Actively searching for a job? Keep track of your applications.
After I moved to the Netherlands, I was actively looking for a job. I sent my CV to almost 60 companies. At first, I didn’t keep track of applications because I thought that I will find a job after a few attempts. I was mistaken and quickly realized that I have to arrange an application tracking process because of the overwhelming volume of responses, questions, calls, etc. It was a great solution since I could analyze the response rate, get ready for the first phone-screenings and adjust my strategy. Eventually, I received 2 offers I had to choose from:)
I am not alone in this. Recently I’ve talked to a Senior Developer who was looking for a job (his contract was terminated due to the crisis). He applied to nearly 50 companies and also created a spreadsheet which was constantly updated during the job search. It helped him to be more prepared, target better and get a new job!
Application Tracking Document
So if you’re looking for a job, I would advise creating sort of Google Doc or any similar spreadsheet to keep a record of:
- Name of a company
- Vacancy name + link to the job description
- CV submission day
- Channel you applied through
- Stage in the selection process
- Type of contract
- 30% ruling assistance (applicable for The Netherlands)
- Visa (you & family) + immigration arrangements
- Probation period
- Discussed salary expectations
- Feedback (to learn from it and improve skills to get selected)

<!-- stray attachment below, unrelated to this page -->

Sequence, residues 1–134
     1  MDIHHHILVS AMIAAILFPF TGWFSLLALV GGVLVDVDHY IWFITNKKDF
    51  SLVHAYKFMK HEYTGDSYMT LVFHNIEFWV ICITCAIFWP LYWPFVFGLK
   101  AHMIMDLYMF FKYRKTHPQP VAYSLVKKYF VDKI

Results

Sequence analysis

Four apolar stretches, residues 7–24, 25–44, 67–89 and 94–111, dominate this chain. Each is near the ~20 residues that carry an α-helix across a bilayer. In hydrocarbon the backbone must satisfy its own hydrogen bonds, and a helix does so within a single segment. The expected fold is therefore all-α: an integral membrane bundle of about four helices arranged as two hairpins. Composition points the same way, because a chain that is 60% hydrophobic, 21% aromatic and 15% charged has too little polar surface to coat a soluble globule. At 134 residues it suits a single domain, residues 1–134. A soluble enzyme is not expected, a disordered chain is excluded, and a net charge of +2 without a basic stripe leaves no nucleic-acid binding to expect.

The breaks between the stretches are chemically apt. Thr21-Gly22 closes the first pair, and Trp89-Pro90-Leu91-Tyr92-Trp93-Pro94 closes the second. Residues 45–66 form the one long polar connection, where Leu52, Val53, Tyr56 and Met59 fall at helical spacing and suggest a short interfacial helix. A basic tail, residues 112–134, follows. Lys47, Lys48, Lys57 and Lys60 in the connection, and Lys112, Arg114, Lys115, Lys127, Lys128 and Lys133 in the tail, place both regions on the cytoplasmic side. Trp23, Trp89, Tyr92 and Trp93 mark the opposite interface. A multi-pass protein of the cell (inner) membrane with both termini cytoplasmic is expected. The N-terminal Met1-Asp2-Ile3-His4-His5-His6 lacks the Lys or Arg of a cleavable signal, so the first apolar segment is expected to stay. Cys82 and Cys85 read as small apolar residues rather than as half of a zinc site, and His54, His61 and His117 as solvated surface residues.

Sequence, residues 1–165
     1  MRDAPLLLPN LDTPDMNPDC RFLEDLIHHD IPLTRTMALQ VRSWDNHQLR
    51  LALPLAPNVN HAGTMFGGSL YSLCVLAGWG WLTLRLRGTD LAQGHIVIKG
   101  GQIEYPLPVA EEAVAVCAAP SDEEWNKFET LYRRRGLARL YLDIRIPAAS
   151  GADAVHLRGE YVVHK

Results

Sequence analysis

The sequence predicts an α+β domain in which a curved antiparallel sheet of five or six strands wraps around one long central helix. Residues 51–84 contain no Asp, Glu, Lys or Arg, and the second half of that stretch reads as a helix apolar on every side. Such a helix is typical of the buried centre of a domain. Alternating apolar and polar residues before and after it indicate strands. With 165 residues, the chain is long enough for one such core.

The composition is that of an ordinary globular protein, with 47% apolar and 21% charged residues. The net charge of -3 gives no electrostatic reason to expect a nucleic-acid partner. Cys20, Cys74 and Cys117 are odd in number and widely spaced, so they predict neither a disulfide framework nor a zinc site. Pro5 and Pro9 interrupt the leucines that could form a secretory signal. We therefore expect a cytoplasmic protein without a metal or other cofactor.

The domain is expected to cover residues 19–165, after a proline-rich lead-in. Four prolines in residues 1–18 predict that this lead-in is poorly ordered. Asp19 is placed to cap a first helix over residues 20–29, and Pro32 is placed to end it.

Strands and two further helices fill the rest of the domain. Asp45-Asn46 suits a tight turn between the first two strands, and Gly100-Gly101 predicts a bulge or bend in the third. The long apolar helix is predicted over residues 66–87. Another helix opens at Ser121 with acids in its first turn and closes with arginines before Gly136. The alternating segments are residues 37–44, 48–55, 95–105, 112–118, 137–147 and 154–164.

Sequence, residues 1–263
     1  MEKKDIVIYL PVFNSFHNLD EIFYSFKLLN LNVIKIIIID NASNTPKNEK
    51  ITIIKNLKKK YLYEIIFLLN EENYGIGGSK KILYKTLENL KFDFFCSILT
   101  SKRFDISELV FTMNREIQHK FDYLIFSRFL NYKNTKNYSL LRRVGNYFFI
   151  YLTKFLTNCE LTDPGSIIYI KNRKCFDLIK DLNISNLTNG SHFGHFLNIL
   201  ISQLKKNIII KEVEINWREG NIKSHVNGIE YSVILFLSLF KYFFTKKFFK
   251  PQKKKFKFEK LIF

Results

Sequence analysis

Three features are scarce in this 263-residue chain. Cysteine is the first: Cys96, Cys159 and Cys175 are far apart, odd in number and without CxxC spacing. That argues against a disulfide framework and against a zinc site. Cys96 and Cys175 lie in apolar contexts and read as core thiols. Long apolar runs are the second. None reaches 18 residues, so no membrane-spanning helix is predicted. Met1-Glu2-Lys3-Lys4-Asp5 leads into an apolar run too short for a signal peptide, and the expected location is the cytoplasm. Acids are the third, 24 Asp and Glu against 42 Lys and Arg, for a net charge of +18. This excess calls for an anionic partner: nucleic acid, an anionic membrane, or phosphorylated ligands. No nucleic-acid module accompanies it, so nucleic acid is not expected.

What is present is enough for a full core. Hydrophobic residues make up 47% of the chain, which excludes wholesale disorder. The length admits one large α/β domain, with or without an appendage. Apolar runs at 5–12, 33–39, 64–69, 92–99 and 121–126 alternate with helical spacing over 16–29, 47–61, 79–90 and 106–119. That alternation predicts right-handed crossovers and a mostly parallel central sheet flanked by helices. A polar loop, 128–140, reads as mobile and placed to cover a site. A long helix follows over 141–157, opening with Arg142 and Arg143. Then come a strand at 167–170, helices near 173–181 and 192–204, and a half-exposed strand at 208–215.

I would also add a reminder to ping a Recruiter. It is ok to check on the status of your application every now and then. After the first talk with a Recruiter, I would send a message after 3–4 working days to check if there is any update. Of course, it is the job of Recruiter to keep you informed. However, it never hurts to check yourself and show your motivation once again.
Stop limiting your job search to your current location. There are plenty of jobs in other regions that could offer remote work, work from home or flexible working hours. Very often, it is not mentioned in a job description.
Check the document on a regular basis to spot common patterns in rejection or success of your application. If you are mostly rejected for similar types of jobs, think twice if you need to spend more time and energy on those vacancies. However, if you really want to get that type of job then work hard on your CV & Cover Letter so you can get better chances.
Always be ready
Again, this application tracking document will assist in checking your job search progress and not only. It will help to avoid an awkward situation when you receive a call from a Recruiter and can’t recall the name of the organization or explain why you applied to that particular job. Of course, you need a job and want to employ your skills. However, Recruiters want to know first about your motivation in applying for a job. Have your document easily accessible so you can open it quickly whenever it’s needed!